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β-Glucose 1-phosphate-interconverting enzymes in maltose- and trehalose-fermenting lactic acid bacteria

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Maltose and trehalose catabolic pathways are linked through their common enzyme, β-phosphoglucomutase, and metabolite, β-glucose 1-phosphate, in Lactococcus lactis. Maltose is degraded by the concerted action of maltose phosphorylase and β-phosphoglucomutase, whereas trehalose is assimilated by a novel pathway, including the recently discovered enzyme, trehalose 6-phosphate phosphorylase, and β-phosphoglucomutase. In the present study, 40 strains of lactic acid bacteria were investigated for utilization of metabolic reactions involving β-glucose 1-phosphate. All genera of the low G+C content lactic acid bacteria belonging to the clostridial subbranch of Gram-positive bacteria were represented in the study. The strains, which fermented maltose or trehalose, were investigated for β-phosphoglucomutase, maltose phosphorylase and trehalose 6-phosphate phosphorylase activity, as indications of maltose and trehalose catabolic pathways involving β-glucose 1-phosphate interconversions. Eighty per cent of all strains fermented maltose and, of these strains, 63% were shown to use a maltose phosphorylase/β- phosphoglucomutase pathway. One-third of the strains fermenting trehalose were found to harbour trehalose 6-phosphate phosphorylase activity, and these were also shown to possess β-phosphoglucomutase activity. Mainly L. lactis and Enterococcus faecalis strains were found to harbour the novel trehalose 6-phosphate phosphorylase/β-phosphoglucomutase pathway. As lower β-glucose 1-phosphate interconverting enzyme activities were observed in the majority of glucose-cultivated lactic acid bacteria, glucose was suggested to repress the synthesis of these enzymes in most strains. Thus, metabolic reactions involving the β-anomer of glucose 1-phosphate are frequently found in both maltose- and trehalose-utilizing lactic acid bacteria.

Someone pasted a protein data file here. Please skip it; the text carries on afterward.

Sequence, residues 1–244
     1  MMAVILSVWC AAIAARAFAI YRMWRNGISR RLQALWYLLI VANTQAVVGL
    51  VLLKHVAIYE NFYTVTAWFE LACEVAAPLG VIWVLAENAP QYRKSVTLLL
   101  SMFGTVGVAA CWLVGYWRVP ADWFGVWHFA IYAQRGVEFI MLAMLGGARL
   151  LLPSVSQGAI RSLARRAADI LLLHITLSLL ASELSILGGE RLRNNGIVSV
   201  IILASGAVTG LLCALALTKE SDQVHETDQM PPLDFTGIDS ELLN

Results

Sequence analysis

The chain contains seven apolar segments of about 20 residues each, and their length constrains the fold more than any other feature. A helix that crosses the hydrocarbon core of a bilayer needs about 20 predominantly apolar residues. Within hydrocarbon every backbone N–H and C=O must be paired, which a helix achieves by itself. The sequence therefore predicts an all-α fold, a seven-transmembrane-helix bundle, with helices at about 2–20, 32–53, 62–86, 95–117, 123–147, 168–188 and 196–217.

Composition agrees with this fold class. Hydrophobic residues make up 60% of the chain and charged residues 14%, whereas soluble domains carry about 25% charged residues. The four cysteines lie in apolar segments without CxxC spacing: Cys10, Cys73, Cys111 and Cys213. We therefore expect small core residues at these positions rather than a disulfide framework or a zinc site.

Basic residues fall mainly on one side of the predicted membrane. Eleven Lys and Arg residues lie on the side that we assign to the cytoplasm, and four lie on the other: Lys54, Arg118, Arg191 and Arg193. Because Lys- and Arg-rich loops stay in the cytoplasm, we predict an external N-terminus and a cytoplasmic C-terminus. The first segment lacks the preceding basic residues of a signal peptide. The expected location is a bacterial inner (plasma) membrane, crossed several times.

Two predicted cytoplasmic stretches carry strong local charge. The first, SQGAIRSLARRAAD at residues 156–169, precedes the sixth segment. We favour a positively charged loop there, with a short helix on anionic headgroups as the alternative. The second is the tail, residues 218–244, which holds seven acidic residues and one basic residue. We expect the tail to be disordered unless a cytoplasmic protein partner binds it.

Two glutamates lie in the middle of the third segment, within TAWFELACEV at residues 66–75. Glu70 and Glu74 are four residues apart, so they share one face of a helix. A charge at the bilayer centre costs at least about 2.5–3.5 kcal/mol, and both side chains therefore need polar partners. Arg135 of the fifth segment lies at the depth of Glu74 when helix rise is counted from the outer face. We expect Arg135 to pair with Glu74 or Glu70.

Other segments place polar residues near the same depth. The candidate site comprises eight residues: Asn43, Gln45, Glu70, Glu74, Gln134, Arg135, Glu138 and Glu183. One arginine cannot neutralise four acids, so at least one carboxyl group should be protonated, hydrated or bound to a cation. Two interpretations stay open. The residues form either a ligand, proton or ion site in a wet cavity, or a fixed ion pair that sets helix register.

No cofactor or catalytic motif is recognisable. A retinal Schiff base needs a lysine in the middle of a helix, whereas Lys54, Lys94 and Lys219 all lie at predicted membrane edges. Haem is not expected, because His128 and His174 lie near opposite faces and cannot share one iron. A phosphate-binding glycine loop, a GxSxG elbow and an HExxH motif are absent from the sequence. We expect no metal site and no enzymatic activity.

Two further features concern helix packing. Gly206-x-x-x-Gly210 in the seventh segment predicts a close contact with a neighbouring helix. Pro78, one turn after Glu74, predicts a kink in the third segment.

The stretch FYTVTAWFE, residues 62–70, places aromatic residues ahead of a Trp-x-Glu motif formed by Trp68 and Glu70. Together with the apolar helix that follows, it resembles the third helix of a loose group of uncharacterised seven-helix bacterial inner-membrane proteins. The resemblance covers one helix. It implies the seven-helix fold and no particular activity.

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Document Type: Research Article

Affiliations: Applied Microbiology, Center for Chemistry and Chemical Engineering, Lund Institute of Technology, Lund University, PO Box 124, SE-221 00 Lund, Sweden.

Publication date: February 1, 2002

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